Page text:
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Strings Attached: Congress Files Legislation Outlining Taxpayer Protections For COVID-19 Federal Aid To States

CHICAGO (Sept. 24, 2020) – Five months after Illinois Senate President Don Harmon asked Congress for a more than $40 billion COVID-19 bailout, with $10 billion, or nearly a quarter of the total requested intended for the state’s infamously underfunded pensions, new legislation filed in the U.S. House today would protect taxpayers from this kind of fiscal mismanagement if the federal government does offer additional aid beyond the $200 billion already provided in financial relief to state and local governments.

U.S. Rep. Darin LaHood, R-IL, filed legislation modeled after the Illinois Policy Institute’s Taxpayer Protection Program, which places conditions on states receiving federal funds to ensure aid money is used for its intended purpose: To support critical government services and bolster a strong economic recovery.

LaHood’s legislation would structure federal aid as forgivable loans, similar to the Paycheck Protection Program, with forgiveness only available to states that either meet, or enact reforms to meet, the program’s conditions for sound finances. It allows for up to $186 billion in federal and state aid, with $100 billion for states, $75 billion for local governments, $8 billion for tribal governments and $3 billion for territories. Aid must not be allocated to debt or pension spending, and is also limited to each state’s actual, experienced revenue losses.

States such as Illinois, New Jersey and Connecticut have mismanaged finances for decades, causing them to accumulate immense debt burdens, namely due to unfunded pension liabilities. Harmon’s initial bailout request makes it clear that federal aid would bail out legacy debt burdens unless the federal government stipulates strong taxpayer protections be attached to any aid money.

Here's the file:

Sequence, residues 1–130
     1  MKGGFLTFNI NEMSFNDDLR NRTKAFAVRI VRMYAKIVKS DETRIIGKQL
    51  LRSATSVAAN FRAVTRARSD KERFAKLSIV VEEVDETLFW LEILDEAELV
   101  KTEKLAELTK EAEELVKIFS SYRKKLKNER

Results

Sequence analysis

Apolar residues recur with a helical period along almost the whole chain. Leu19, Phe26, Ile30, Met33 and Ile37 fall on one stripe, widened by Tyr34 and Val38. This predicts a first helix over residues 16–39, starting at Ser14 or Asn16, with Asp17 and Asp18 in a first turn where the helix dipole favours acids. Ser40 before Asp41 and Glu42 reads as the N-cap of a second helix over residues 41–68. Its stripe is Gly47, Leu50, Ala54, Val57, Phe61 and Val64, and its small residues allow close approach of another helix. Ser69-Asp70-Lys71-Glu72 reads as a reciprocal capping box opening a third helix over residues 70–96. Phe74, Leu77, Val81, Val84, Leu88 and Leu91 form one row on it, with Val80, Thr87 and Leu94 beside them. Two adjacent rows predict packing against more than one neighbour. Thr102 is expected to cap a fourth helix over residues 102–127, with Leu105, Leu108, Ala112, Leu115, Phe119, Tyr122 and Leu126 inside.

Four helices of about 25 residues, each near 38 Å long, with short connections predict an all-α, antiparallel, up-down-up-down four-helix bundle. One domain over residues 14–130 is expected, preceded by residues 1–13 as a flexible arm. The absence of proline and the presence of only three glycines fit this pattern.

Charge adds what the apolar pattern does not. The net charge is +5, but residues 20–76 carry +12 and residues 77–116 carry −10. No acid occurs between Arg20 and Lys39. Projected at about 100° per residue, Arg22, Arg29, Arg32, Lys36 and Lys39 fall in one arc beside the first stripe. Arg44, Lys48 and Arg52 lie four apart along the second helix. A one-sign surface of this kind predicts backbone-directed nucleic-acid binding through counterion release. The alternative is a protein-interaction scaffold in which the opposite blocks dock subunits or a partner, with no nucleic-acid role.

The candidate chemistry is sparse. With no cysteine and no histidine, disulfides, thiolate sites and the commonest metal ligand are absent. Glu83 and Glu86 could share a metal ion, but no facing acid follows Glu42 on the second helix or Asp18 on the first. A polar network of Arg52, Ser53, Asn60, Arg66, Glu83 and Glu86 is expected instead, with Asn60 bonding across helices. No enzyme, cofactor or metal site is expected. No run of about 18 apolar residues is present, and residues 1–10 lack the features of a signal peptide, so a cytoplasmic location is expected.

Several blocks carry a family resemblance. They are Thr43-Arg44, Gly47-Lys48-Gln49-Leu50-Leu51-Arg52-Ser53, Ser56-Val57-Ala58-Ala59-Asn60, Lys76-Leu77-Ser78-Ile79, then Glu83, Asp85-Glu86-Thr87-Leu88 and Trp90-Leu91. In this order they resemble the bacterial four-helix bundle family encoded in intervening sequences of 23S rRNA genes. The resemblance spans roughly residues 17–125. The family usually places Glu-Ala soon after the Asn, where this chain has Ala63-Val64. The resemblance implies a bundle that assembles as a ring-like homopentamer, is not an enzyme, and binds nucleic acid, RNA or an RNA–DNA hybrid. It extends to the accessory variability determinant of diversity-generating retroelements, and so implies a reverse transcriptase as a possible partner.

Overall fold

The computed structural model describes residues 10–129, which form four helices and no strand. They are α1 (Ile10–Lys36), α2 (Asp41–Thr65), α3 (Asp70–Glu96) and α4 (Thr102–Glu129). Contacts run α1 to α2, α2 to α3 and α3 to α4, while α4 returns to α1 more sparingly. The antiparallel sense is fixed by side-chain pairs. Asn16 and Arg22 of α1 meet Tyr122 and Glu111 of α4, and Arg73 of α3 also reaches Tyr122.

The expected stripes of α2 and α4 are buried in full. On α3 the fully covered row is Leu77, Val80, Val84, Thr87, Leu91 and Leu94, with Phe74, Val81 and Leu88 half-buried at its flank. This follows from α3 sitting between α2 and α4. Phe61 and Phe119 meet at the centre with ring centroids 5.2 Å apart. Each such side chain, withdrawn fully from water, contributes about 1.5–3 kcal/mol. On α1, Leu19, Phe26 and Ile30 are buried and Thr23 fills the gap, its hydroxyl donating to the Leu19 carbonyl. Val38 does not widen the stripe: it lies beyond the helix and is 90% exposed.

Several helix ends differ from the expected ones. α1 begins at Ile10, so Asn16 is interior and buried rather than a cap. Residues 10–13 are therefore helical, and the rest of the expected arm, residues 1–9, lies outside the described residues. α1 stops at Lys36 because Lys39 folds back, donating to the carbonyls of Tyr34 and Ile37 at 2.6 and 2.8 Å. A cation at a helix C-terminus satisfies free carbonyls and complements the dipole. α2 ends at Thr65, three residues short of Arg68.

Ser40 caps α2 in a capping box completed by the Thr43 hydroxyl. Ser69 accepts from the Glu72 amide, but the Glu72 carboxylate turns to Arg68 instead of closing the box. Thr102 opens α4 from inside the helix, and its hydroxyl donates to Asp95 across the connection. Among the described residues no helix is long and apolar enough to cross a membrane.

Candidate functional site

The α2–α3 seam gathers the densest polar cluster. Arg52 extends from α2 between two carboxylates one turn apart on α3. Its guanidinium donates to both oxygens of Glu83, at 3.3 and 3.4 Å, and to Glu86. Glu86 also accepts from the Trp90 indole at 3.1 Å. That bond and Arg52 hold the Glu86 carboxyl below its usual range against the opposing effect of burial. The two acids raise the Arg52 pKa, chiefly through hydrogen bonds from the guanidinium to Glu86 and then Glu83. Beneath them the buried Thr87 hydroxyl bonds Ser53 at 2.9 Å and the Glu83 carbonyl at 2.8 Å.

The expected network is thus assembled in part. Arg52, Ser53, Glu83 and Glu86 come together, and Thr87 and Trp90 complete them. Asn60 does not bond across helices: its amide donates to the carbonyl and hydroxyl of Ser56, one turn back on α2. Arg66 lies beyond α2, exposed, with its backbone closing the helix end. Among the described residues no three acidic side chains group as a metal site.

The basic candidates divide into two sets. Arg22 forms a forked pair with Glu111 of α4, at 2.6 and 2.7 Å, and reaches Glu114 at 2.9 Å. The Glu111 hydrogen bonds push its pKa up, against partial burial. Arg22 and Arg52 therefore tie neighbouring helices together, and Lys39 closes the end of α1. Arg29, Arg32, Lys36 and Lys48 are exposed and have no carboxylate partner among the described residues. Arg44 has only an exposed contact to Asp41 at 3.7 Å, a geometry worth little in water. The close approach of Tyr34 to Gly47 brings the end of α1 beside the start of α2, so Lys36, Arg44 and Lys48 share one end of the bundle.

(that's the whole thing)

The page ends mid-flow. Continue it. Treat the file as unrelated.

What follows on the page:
Under the Taxpayer Protection Act of 2020, federal aid to states would be contingent upon:

Sound pension funds

  • Pension funding plans must be based on generally accepted actuarial principles, targeting 100% funding ratios over no more than 25 years. States would not be allowed to increase employer contributions (taxpayer costs) to meet this funding level within the given time frame.
  • For all systems going forward, automatic annual benefit increases or cost of living adjustments (COLAs) must vary either with measured inflation or through a formula tied to investment returns.

Truly balanced budgets

  • States must have a constitutional or statutory requirement that operating budgets achieve end-of-year balance, prohibiting deficits from being carried year to year, as 39 states currently do.
  • Revenues counted toward the balancing requirement cannot include transfers from other state funds or borrowing proceeds.

Rainy-day fund protections

  • Withdrawals from a state’s rainy-day fund should be subject to safeguards to prevent use of the funds for non-emergency purposes.
  • States must maintain a target to hold 5 to 10% of annual general revenues in reserve and, when the economy is expanding, make automatic deposits to achieve this target.
  • States could also meet this requirement by demonstrating they have rainy-day fund protections at least as effective as these standards and held more than 5% of their budget in reserve as of Jan. 1, 2020.

Full text of the legislation can be read HERE.

Quote from U.S. Rep. Darin LaHood, representing Illinois’ 18th District:

“Through no fault of their own, state and local governments face significant challenges because of the COVID-19 pandemic and Congress has an obligation to support those in need. This pandemic did not create Illinois’ financial mess; however, it emphasized the long-term challenges that Illinois and other states face for failing to implement sound budget policy. For decades, politicians in Springfield have kicked the can down the road on addressing Illinois’ fiscal crisis, exploding the state’s $140 billion in unfunded pension liability and piling up these problems on the backs of hardworking taxpayers. Illinois shouldn’t get a blank check to bail out decades of failing to do what most responsible adults can: spend less than you earn and save for a rainy day. The Taxpayer Protection Act will ensure American taxpayers aren’t on the hook for financial problems they did not create, help those in need, and can help chart a path for a better future in Illinois.”

Quote from Adam Schuster, senior director of budget and tax research at the Illinois Policy Institute:

“Illinois’ decades of disregard for basic fiscal responsibility stands as the best single argument against state bailouts without strings attached. The Taxpayer Protection Act responsibly offers states some relief, making federal aid contingent upon best budgeting practices and the promise that lawmakers cannot rack up more debt at the expense of taxpayers who are already struggling to recover from the COVID-19 downturn. With Illinois’ pension spending growing 500% in the past two decades while social services spending suffers, it’s time we support a system that prioritizes people over irresponsible spending.”

For more information about the Illinois Policy Institute’s Taxpayer Protection Act filed in the U.S. Congress, visit:

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